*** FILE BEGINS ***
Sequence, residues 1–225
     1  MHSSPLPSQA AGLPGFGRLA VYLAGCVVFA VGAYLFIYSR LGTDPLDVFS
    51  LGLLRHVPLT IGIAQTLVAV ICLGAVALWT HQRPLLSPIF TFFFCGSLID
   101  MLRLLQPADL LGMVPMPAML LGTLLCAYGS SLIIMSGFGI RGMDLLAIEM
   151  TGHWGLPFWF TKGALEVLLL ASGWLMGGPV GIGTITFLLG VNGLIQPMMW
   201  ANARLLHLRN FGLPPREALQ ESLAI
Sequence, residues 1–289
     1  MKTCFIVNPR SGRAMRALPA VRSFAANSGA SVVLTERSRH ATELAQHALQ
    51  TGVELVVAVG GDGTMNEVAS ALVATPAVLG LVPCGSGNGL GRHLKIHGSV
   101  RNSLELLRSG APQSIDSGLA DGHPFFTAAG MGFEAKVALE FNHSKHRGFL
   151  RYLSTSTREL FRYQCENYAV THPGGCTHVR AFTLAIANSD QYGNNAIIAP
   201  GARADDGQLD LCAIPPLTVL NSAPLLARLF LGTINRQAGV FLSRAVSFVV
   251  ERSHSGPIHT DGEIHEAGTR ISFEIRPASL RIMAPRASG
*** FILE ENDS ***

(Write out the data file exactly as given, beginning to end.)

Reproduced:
Sequence, residues 1–225
     1  MHSSPLPSQA AGLPGFGRLA VYLAGCVVFA VGAYLFIYSR LGTDPLDVFS
    51  LGLLRHVPLT IGIAQTLVAV ICLGAVALWT HQRPLLSPIF TFFFCGSLID
   101  MLRLLQPADL LGMVPMPAML LGTLLCAYGS SLIIMSGFGI RGMDLLAIEM
   151  TGHWGLPFWF TKGALEVLLL ASGWLMGGPV GIGTITFLLG VNGLIQPMMW
   201  ANARLLHLRN FGLPPREALQ ESLAI
Sequence, residues 1–289
     1  MKTCFIVNPR SGRAMRALPA VRSFAANSGA SVVLTERSRH ATELAQHALQ
    51  TGVELVVAVG GDGTMNEVAS ALVATPAVLG LVPCGSGNGL GRHLKIHGSV
   101  RNSLELLRSG APQSIDSGLA DGHPFFTAAG MGFEAKVALE FNHSKHRGFL
   151  RYLSTSTREL FRYQCENYAV THPGGCTHVR AFTLAIANSD QYGNNAIIAP
   201  GARADDGQLD LCAIPPLTVL NSAPLLARLF LGTINRQAGV FLSRAVSFVV
   251  ERSHSGPIHT DGEIHEAGTR ISFEIRPASL RIMAPRASG